Taraji P. Henson on her mental health crisis: I wasn’t ‘well’
Taraji P. Henson is “in a good place.”
But she wasn’t always like that.
Henson, 52, is no stranger to therapy and her resume as a mental health advocate proves it. In 2018, she established the Boris Lawrence Henson Foundation, named after her father, who struggled with PTSD and bipolar disorder, to support services for those in need. The next year, she addressed Congress and shed tears as she spoke about mental health issues impacting the black community. In 2020, she told Entertainment Tonight she had thoughts of suicide during the pandemic but “got a lot better” after speaking out about it.
But while speaking out loud about mental health awareness, the actress was quietly building a wall that rocked her self-described “happy, bubbly” personality.
“I was not feeling well. Nothing could make me happy: jobs, things, stuff. I developed a shopping habit and nothing was fulfilling.” Henson says. “I was badly wounded. Every little thing put me off and I didn’t like who I was becoming.”
Taraji P. Henson “didn’t want to go back” to the US after healing
Henson recalls being “out of control” during the pandemic. She had lost friends to suicide and felt mentally overwhelmed.
Her happiness returned after traveling solo to Bali for a month, an experience Henson says made her happier than she had been in “a long, long time”.
“It was the best experience I’ve ever had in my life and I really didn’t want to go back,” she says.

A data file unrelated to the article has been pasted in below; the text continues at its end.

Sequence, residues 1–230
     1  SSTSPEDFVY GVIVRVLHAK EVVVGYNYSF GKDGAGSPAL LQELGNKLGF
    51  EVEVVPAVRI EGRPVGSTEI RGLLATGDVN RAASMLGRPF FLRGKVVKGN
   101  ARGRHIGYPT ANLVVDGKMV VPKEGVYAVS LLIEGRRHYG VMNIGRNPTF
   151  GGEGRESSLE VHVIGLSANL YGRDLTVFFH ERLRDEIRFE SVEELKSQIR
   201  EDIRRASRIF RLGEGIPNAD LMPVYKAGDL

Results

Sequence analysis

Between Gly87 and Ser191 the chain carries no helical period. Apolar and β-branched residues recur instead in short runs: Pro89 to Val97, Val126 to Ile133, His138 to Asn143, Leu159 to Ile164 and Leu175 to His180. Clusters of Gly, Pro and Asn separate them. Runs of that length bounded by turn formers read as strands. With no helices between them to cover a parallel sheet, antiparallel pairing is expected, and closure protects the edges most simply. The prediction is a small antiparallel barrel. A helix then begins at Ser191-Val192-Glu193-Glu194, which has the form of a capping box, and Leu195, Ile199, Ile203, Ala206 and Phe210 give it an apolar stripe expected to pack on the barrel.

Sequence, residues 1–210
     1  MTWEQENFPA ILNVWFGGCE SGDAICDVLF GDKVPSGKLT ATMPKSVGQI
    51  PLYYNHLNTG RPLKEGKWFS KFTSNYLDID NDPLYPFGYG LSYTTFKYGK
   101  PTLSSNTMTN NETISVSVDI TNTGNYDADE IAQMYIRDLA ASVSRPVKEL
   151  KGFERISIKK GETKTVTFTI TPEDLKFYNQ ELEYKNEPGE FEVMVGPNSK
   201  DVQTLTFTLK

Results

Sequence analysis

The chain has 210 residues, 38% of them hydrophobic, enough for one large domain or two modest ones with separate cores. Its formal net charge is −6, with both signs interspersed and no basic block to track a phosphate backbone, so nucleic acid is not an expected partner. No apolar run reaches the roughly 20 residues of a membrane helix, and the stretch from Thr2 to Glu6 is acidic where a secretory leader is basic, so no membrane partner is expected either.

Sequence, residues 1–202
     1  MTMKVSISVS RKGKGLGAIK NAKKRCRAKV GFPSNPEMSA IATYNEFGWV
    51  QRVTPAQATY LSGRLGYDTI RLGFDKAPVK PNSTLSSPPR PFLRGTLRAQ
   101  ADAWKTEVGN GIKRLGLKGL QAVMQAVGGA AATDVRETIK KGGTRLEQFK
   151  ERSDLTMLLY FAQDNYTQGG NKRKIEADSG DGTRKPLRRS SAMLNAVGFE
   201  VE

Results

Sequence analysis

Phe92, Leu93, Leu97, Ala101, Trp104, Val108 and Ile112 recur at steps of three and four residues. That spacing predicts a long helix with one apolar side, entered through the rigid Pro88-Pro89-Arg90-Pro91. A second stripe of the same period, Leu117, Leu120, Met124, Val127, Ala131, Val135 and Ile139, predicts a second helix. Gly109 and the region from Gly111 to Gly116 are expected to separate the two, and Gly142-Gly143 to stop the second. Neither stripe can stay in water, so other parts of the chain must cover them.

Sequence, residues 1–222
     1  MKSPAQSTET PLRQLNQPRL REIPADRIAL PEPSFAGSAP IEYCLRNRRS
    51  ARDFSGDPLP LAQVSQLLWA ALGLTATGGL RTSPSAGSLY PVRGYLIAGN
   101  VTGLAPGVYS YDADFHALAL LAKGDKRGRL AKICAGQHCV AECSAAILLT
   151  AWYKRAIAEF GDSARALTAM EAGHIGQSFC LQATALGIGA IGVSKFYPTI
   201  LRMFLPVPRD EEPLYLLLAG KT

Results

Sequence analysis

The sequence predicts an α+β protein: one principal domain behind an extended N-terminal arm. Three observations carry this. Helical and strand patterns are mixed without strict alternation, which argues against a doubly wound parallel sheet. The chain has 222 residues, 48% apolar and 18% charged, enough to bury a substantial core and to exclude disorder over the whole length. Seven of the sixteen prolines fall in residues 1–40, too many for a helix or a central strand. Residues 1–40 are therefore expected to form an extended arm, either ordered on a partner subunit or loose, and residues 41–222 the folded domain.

She says her “Eat Pray Love” journey transformed her into a “post-Bali Taraji” and led her to work with Kate Spade, a fashion label that lost its co-founder to suicide in 2018. They’ve teamed up to build oases on HBCU campuses that offer free virtual and in-person therapy sessions, as well as self-regulatory practices like music, art and dance therapy, for female students who may not have the resources to reset their minds on another continent calibrate.
Mental illness among college-age adults is high. Henson wanted to do something.
According to the National Institute of Mental Health, young adults between the ages of 18 and 25 had the “highest prevalence” of mental illness among other age groups, based on data collected as part of the 2021 National Survey on Drug Use and Health. The survey also showed that the same age group had the lowest percentage of those receiving mental health treatment.
Mental illness in black communities is consistent with rates in the general population, but differences exist “in relation to mental health services,” according to the American Psychiatric Association.
The campus wellness structures will act as sanctuaries for a demographic that is at the center of the ongoing mental health conversations in the country. The first wellness pod is built on the Alabama State University campus.
“I got pregnant while I was studying, other girls too. Many of them dropped out because they didn’t have the help,” says Henson, who studied at Howard University. “It does something to you… I couldn’t help it then, but I can do something about it now.”
Henson brings a change to therapy after struggling to find help
Henson also hopes therapy on the HBCU campus can diversify the field after struggling to find a therapist early in her healing journey.
“It’s really hard to find someone who looks like us that I can talk to and feel comfortable with,” says Henson. “Because we don’t talk about it at home. There aren’t enough therapists out there because our kids don’t go into that space because we talk about it.”
Experts say finding the right therapist can be difficult, but it’s beneficial for your mental health.
“Therapy isn’t always convenient, but it should always be safe,” Texas Premarital Counseling’s Lauren Ross previously told USA TODAY. “If you feel like you can’t be honest with your therapist, they probably won’t be of much help to you.”